The cricket club was formed in 1857 and a book was brought out in 2007 to mark its 150th anniversary. They have a proud history of senior league and cup wins. The pavilion was opened in 1909 but has been much extended. Notice the two boulders at the entrance to the ground. These once sat at the corner of Castle Lane with Castle Street to prevent traffic banging into the houses. This was also where teams met before travelling to away matches.

Further down Castle Lane was Mount Alexander Castle (a manor house rather than a castle), now gone. It was built as a wedding present by Hugh Montgomery, Viscount Ardes, for his son and his wife, Lady Jean Alexander, hence the name. Close by is the award-winning Kennel Bridge of 1995, which replaces an earlier structure. It took its name from the nearby kennels at the castle.

Return along Castle Lane to its junction with Mill/Castle Street and turn left. Immediately across the street is a building now converted into housing. This was once the House of Industry (an early workhouse), established in 1824 for 30 inmates. It also supported 70 outdoor families with meat and potatoes. Poor House Lane runs alongside the building. Barrack Row is the name for the line of houses beginning with Express Pizza. The police station was here from 1861 to the 1920s.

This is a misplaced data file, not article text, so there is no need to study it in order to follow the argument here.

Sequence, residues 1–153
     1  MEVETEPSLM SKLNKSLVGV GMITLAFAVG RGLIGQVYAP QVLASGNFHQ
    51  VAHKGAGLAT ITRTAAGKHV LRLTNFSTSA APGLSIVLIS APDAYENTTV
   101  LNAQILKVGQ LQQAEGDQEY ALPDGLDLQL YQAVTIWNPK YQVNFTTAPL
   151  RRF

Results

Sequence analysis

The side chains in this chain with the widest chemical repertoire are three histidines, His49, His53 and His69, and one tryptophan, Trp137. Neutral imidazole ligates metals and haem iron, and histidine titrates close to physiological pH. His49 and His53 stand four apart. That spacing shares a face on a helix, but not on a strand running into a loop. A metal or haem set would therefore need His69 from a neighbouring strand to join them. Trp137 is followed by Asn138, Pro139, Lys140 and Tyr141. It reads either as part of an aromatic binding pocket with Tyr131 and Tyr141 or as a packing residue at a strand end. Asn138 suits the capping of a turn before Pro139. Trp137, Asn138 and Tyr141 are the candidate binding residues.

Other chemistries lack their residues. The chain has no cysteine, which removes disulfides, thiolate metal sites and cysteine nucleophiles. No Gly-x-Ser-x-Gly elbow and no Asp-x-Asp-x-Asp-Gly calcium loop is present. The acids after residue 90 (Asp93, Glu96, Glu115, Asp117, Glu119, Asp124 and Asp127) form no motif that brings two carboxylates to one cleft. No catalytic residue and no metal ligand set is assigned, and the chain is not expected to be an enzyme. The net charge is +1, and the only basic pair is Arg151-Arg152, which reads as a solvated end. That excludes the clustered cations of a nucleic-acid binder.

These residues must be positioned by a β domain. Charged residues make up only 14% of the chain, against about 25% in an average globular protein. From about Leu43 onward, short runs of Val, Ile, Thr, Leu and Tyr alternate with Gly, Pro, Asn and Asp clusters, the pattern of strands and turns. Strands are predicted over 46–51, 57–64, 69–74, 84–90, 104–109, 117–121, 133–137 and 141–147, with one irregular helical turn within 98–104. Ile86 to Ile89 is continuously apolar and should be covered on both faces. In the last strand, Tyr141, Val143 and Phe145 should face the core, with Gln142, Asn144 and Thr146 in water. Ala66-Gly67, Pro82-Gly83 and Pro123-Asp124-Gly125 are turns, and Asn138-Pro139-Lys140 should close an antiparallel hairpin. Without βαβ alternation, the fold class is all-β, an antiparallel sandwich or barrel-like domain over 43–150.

Make your way to the Supervalu store, opened in 1986 on the site of Comber Cinema (1957-85). There was also an older picture house beside it dating from 1934 in what were formerly the stables belonging to the Old House of John Andrews (built 1745 and demolished in 1956 to make way for the Cinema).

Across the road from Supervalu is the site of a 3-storey building which was also an Andrews house built by James in 1792 – Uraghmore, the place of the big yew trees, named after large trees in the garden believed to be several hundred years old. The garden is now occupied by apartments, but was once laid out in tiers behind iron railings and was nicknamed the Palace Stages. The house was demolished in 2011.